For most people, it is easier to spend someone else’s money than it is to spend their own. This is a simple truth, but an important one.

It implies it is natural to expect that politicians and bureaucrats will not scrutinize public purchases made with public dollars with the same rigor and deliberation with which they would make purchases for themselves out of their own pockets. After all, politicians and bureaucrats are people, too.

In this light, it is not surprising that the Columbia City Council’s plans for a new parking garage at Short Street are as fiscally imprudent as they are.

The proposed garage, with an estimated budget of approximately $9 million, would be built in cooperation with a larger, private construction project to erect a new hotel at the current site of the existing Regency Hotel. The garage is expected to house a total of 300 parking spaces, with 100 of these spaces rented to the new hotel at a rate of $600 per year for each space. Additionally, 50 of these 300 spaces will be reserved for future residential development projects. In effect, a $9 million investment by the City of Columbia will earn it a net increase of 150 parking spaces.

This amounts to $60,000 spent on every spot that will be made available to the public. It should be noted that this figure is, of course, a simplification. It does not account for the $60,000 per year that the city will receive for renting spaces to the proposed hotel — which would decrease the per-space cost. Nor does the estimate account for the costs of servicing the debt the city will incur in financing the project — which would increase the per-space cost. Nevertheless, this number is a useful starting point and presents several important questions for the council to consider before moving further.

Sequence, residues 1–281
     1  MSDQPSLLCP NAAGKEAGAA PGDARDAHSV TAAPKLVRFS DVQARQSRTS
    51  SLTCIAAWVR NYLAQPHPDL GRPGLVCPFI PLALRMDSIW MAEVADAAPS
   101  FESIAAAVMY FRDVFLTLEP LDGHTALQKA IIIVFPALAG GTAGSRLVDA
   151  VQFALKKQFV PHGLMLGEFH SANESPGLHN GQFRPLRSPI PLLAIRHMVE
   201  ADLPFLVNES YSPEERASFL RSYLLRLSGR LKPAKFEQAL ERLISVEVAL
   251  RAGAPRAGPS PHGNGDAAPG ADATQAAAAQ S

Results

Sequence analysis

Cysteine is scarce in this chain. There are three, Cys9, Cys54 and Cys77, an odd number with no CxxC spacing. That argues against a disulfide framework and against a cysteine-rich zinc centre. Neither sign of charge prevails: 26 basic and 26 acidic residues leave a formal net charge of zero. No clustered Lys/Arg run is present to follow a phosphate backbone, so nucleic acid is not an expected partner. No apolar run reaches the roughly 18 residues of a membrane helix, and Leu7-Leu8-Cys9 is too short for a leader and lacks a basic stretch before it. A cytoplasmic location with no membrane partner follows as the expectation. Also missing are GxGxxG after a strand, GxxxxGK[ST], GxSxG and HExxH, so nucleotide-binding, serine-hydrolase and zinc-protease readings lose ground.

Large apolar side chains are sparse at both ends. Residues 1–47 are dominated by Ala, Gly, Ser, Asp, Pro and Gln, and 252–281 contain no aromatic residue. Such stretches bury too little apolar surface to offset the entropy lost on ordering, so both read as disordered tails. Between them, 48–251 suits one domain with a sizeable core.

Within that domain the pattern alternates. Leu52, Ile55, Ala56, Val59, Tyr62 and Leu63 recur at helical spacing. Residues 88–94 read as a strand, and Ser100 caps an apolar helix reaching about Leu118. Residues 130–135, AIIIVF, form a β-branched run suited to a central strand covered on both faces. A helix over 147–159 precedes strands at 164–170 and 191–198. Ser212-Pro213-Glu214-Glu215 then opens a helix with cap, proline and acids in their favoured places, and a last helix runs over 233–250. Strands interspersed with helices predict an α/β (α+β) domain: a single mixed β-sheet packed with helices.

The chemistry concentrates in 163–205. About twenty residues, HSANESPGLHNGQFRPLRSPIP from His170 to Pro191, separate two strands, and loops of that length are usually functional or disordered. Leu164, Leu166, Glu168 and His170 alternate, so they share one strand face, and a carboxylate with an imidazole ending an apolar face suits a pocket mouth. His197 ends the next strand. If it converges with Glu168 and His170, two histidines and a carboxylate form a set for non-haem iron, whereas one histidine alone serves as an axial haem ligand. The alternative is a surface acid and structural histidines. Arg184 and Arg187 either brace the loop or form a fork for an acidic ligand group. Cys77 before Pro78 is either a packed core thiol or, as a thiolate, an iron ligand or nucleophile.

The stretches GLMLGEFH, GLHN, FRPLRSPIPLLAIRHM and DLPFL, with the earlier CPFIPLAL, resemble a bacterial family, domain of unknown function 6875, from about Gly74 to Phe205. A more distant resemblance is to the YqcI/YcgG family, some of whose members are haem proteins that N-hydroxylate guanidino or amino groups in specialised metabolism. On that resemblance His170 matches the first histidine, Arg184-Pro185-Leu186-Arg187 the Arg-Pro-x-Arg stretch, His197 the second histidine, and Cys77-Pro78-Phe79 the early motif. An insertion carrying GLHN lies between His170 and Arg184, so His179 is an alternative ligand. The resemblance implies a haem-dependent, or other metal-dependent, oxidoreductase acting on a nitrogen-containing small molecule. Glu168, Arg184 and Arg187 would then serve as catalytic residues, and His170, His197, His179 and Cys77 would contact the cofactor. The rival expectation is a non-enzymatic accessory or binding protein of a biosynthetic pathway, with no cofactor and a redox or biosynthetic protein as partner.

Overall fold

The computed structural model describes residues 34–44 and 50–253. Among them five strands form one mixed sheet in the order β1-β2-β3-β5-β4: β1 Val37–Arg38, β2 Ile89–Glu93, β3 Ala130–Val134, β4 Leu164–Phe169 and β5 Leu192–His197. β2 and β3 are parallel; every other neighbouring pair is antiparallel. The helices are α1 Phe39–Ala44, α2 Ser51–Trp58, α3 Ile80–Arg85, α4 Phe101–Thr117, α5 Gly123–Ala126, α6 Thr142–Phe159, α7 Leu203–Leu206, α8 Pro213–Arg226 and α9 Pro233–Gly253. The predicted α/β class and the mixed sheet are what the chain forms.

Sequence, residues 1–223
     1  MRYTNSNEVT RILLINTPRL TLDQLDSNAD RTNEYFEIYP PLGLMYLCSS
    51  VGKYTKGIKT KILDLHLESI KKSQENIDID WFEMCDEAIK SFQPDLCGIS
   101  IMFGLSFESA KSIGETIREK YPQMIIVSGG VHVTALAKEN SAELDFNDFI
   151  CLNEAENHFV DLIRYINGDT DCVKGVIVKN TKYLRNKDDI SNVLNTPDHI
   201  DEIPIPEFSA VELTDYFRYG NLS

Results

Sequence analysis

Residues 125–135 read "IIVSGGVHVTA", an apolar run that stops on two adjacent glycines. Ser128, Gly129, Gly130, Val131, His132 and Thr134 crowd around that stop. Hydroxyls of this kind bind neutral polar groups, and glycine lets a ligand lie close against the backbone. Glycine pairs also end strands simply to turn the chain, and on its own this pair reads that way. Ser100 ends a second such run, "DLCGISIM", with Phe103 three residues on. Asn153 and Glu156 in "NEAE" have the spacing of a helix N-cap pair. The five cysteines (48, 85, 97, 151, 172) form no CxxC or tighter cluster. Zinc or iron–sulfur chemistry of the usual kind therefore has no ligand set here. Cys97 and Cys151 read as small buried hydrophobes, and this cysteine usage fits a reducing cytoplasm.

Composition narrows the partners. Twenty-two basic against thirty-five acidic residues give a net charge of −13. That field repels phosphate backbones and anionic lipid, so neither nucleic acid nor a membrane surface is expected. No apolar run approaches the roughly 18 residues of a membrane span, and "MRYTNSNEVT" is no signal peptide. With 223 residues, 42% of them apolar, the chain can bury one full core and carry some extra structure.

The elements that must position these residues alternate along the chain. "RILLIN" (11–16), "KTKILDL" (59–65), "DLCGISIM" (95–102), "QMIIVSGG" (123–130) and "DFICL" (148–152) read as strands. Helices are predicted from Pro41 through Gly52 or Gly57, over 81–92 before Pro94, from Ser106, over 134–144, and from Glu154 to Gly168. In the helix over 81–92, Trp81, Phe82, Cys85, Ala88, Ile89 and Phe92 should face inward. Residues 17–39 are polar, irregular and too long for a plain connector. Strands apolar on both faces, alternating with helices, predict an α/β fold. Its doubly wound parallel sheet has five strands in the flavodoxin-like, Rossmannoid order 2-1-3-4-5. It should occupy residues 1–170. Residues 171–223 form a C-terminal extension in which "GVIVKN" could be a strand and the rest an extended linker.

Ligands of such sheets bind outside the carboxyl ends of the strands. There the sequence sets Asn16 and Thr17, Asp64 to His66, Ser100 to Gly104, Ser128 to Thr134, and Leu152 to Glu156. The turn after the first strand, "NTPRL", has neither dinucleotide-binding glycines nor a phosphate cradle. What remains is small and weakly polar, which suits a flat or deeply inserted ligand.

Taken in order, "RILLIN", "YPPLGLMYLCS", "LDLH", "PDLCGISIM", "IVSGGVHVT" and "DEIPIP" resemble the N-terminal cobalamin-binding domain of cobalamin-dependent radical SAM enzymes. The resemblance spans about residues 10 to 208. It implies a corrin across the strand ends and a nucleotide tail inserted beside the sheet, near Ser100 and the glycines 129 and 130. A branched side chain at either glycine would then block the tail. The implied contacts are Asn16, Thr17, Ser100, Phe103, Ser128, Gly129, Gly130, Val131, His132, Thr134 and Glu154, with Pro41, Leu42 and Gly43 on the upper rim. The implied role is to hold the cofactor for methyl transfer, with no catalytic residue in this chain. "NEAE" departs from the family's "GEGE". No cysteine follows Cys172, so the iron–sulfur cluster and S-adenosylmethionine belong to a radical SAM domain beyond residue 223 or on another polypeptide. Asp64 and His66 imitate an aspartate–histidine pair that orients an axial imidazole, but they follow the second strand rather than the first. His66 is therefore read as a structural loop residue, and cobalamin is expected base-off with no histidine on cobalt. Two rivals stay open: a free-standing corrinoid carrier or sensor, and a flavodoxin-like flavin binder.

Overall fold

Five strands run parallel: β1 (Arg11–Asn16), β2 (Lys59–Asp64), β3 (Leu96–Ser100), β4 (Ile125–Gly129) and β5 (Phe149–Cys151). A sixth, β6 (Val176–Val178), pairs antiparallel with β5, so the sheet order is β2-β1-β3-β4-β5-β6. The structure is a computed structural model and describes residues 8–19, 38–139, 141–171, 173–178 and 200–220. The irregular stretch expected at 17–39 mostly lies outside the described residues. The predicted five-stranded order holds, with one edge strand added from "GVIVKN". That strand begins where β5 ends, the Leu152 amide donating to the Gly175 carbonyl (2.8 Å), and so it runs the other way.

Most important of these questions: Do Columbia residents collectively value reliable downtown parking at $60,000 or more per spot?

If so, then there are profits to be had! Surely an entrepreneur should find it viable to proceed with the project independent of the city’s involvement. Are there compelling reasons why the private sector cannot or should not take on the task of planning, funding and constructing this project? Why hasn’t the private sector already recognized the demand and acted to cater to it? Are the members of the council more omnisciently aware of what residents are willing to spend their money on than are entrepreneurs and capitalists? Could it be that the government of Columbia possesses a comparative advantage relative to the private sector in development projects such as these? If so, why wasn’t this comparative advantage in display with the widely derided Fifth and Walnut garage?

Alternatively, if Columbia residents do not collectively value parking at $60,000 per spot, then the city would seem to be acting foolishly. The city would be misallocating resources into the production and provision of something that residents do not strongly value. Suppose residents only value downtown parking at $20,000 per spot. In effect then, the city would be subsidizing each spot to the tune of $40,000. The relevant question then becomes: Is there a compelling economic rationale to do so?

These are all questions that the council would do well to consider carefully. They are the kinds of questions that individuals and corporations who are making purchases or investments with their own money would ask themselves. Indeed, they are the kinds of questions that residents of Columbia, whose dollars would be spent on this project, should ask themselves. Unfortunately, they are also precisely the kinds of questions that members of the council, to whom – it seems – public dollars are like Monopoly money, are least likely to ponder.

Abhi Sivasailam is a student at MU. He is treasurer of the MU chapter of Young Americans for Liberty and vice president of Keep Columbia Free.


Fred and the Giant Garage: A Love Story

It has been nicknamed “Leviathan” by local activist Eapen Thampy, called “overbuilt” by Mayor Bob McDavid, labled an “unattractive nuisance” and “GarageZilla” by local political watchdog blogger Mike Martin, and deemed a career ending “mistake” for Public Works director John Glascock by attorney and neighbor Elton Fay, but newly elected First Ward City Councilman Fred Schmidt has recently professed his love for what may be the most execrated structure in Columbia, the Fifth and Walnut Parking Garage.

A recent story in the Columbia Tribune reports:

Recently, First Ward Councilman Fred Schmidt has taken it upon himself to become a supporter of something that many Columbia residents love to hate — the parking garage at Fifth and Walnut streets.